"We will give the forest a voice." Ivindo National Park is one of the last forests relatively untouched by humankind. As multiple nations jostle to take control over this land and exploit its resources, KLI research fellow and ecologist Roberto Cazzolla Gatti and his team embarked on a one-month journey with a single mission in mind: to give it a voice.
On October 8th, 2020, fellows at the KLI experienced the breathtaking result— an epic documentary of a 150 km expedition, on foot, through unmapped territory from north to south of the national park.
“Ivindo: a journey into the green heart of Africa”
Directed by Roberto Cazzolla Gatti
Narrated by Ben Gottesman
Released by Colibrì Studio © in 2019
Why go through such hardships to document the diversity and richness of Ivindo? The idea stemmed from discussions between Roberto and the coordinator of the FIGET foundation (Fondation Internationale Gabon Eco-tourisme) while Roberto was collecting data in Gabon (Central Africa). The hope is that a visceral appreciation of the forests can bring the kind of understanding and funding that can protect the habitat from global threats and preserve it for generations to come. Following the path of an actual exploration will allow a global audience to connect to the fragile beauty and importance of this magnificent land. Roberto and his team can demonstration that such a trip is in fact doable, thus attracting researchers and eco-tourists to devote more resources and attention to Ivindo National Park.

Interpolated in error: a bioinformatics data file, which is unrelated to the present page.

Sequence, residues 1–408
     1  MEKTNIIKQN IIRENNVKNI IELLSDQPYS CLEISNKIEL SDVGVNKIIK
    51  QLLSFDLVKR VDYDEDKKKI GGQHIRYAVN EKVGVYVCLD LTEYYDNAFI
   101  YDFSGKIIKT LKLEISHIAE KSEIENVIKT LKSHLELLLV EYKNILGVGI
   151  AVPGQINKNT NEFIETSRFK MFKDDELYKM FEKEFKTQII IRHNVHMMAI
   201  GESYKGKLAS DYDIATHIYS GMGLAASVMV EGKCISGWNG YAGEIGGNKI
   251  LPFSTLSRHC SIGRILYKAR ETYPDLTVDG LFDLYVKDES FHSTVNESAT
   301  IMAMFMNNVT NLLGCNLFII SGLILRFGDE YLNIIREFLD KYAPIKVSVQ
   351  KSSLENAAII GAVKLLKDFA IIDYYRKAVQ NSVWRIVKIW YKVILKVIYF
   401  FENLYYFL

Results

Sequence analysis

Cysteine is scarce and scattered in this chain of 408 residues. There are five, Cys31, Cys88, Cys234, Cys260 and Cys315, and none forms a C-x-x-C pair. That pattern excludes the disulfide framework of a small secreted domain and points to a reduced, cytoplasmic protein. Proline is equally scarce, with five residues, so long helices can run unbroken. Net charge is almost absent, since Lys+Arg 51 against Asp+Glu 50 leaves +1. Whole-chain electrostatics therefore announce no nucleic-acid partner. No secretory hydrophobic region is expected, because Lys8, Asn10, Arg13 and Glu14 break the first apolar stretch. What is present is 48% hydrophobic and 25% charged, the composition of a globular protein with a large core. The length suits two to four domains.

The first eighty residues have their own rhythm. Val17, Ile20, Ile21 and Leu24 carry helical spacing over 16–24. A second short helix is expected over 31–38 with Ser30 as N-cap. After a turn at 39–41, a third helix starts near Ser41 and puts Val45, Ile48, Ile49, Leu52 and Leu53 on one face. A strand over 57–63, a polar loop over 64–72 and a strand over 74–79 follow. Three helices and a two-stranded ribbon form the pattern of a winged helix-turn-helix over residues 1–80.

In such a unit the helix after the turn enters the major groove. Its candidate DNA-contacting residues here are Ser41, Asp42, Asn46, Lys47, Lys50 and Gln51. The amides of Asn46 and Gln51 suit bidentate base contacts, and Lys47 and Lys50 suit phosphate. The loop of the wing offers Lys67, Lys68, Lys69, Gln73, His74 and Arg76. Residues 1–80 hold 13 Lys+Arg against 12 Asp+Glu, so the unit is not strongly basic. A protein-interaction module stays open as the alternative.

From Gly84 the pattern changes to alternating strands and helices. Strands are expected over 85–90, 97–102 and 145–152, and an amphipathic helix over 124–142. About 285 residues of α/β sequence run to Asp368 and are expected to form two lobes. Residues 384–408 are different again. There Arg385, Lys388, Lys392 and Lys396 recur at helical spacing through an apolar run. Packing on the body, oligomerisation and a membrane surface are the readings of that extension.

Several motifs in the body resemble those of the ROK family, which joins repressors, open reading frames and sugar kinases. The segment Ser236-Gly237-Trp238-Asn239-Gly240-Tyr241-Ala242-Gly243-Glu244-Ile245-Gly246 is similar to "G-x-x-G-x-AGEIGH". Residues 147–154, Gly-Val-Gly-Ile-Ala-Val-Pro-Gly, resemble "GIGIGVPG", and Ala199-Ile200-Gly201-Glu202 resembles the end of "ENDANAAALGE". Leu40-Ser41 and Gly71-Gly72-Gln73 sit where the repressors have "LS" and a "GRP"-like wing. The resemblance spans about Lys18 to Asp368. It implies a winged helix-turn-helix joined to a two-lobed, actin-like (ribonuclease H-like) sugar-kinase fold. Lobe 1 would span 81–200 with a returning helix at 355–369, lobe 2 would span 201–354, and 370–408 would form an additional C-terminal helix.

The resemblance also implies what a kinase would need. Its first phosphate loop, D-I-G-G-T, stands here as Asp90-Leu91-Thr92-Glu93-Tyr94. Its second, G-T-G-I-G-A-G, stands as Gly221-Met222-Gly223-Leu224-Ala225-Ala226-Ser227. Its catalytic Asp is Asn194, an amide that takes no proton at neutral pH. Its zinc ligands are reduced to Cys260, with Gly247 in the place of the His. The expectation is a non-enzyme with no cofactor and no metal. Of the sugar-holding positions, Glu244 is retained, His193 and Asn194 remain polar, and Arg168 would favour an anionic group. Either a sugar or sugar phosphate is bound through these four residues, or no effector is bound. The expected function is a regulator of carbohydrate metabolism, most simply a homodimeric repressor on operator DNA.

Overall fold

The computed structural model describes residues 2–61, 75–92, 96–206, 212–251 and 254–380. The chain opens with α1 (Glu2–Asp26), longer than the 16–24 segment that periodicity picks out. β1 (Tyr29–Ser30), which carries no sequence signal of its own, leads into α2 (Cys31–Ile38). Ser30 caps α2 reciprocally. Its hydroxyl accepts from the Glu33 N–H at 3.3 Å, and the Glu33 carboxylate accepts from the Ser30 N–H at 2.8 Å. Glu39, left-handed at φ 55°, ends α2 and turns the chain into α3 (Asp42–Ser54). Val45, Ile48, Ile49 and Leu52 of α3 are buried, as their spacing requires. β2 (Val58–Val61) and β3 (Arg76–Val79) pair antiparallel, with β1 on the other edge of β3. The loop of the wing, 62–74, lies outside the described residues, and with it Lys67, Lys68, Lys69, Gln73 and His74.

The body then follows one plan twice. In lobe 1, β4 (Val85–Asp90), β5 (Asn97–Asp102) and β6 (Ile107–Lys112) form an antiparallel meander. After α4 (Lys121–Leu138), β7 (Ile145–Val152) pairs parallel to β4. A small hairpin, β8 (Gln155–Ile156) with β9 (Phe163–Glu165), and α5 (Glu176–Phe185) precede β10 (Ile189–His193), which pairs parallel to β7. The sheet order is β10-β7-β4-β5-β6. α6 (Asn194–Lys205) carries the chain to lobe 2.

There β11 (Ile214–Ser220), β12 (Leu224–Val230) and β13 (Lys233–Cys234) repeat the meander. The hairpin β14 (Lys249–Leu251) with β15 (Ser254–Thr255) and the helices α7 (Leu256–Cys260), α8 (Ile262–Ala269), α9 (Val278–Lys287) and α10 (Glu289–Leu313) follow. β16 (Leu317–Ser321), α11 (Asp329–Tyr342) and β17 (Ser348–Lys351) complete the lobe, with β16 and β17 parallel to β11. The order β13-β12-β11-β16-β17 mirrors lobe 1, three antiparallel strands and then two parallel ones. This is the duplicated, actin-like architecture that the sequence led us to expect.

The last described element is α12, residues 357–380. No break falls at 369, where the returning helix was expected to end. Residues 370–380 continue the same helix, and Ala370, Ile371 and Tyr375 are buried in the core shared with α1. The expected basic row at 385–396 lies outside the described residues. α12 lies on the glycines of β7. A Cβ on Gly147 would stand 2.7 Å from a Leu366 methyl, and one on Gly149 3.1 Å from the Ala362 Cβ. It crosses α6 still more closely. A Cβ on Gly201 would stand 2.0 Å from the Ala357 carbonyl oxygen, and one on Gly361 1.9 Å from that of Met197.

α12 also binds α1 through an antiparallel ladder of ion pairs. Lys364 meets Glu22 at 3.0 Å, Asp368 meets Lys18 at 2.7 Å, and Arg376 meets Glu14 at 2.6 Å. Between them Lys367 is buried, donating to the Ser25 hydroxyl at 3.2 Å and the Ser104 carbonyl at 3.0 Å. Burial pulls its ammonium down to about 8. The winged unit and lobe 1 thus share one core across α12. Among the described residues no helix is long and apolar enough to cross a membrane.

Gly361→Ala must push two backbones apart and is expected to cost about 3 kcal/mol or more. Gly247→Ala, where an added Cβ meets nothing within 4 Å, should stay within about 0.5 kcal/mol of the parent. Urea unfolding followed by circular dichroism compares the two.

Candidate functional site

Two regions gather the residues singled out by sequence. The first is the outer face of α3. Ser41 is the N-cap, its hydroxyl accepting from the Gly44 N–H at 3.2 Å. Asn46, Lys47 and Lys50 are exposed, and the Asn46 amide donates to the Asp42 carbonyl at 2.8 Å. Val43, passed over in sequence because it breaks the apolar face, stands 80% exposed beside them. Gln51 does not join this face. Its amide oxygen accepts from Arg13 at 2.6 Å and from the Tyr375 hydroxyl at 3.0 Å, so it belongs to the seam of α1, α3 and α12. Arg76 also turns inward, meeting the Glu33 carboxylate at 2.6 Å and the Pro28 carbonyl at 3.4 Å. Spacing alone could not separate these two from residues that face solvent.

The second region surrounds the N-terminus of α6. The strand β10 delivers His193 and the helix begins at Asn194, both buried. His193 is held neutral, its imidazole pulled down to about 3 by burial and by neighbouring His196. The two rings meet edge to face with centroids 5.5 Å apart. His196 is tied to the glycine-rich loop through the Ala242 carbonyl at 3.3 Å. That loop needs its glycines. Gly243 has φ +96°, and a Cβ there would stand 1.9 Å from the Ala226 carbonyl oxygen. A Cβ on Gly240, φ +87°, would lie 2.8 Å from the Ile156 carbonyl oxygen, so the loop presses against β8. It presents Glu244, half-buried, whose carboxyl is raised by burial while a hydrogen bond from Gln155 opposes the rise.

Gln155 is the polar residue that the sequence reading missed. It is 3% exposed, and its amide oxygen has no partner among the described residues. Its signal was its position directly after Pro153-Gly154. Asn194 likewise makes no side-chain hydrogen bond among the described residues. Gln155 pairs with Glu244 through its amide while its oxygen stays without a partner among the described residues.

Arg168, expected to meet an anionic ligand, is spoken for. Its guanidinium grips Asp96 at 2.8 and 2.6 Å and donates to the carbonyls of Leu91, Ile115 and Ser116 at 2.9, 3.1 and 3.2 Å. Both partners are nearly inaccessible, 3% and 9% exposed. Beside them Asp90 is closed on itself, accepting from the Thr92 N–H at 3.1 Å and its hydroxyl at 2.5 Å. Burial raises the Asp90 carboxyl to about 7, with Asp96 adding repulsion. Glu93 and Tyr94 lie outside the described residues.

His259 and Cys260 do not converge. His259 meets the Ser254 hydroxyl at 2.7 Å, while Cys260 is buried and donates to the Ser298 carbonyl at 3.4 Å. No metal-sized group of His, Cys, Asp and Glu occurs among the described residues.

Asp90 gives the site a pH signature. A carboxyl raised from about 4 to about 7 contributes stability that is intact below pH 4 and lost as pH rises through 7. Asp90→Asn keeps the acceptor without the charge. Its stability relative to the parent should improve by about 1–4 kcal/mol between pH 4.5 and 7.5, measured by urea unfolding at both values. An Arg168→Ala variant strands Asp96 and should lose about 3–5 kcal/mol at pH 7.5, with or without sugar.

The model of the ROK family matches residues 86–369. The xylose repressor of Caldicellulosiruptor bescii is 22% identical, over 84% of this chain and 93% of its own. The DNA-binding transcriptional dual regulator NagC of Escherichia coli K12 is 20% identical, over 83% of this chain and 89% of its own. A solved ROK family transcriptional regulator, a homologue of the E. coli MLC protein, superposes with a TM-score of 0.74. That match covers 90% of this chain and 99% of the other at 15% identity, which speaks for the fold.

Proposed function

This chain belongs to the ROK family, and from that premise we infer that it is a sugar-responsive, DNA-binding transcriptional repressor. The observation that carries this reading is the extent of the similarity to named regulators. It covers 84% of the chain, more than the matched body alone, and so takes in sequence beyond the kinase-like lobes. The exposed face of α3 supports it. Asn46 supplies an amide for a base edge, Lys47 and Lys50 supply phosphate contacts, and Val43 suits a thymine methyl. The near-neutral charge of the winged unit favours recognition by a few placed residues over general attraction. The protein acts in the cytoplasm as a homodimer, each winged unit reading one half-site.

Convinced by this plan, the FIGET foundation supported the costs for six ecoguides from Parcs Gabon and an Italian photographer to accompany Roberto’s journey. Such local knowledge was essential to overcome the extraordinary challenges of the month-long journey through swamps and humid forests, as they hiked across hills and crossed difficult rivers, removing leeches and ticks along the way.
Roberto’s camera captured rare footage of playful wildlife and previously under-documented species. A unique but central principle of the editing process was to ensure that the locals are the main characters of their own stories, that scientific knowledge and filming technologies were brought in to engage with local knowledge and needs. It was particularly touching, when the film was produced, to see how emotional the local ecoguides were as they watched themselves on the big screen. Many have never even seen themselves in a mirror or a video before, so to witness themselves on film was a transformative experience that touched the entire crew.
Sponsorship for the project was extremely difficult to find as the market for wildlife documentaries is now nearly non-existent. The filming team led by Roberto thus documented, filmed, and edited the documentary for free into 2D and 3D formats. And now they are here for you to enjoy as well!
Full documentary in 2D here: https://youtu.be/8Bl0LJzQ6us
And in 3D here: https://youtu.be/G7sJqKYdSX8
If you are interested in licensing rights to footage of this film or for television broadcast (also in 3D-UHD version), please send a request to firstname.lastname@example.org
Written by KLI Communications Officer Lynn Chiu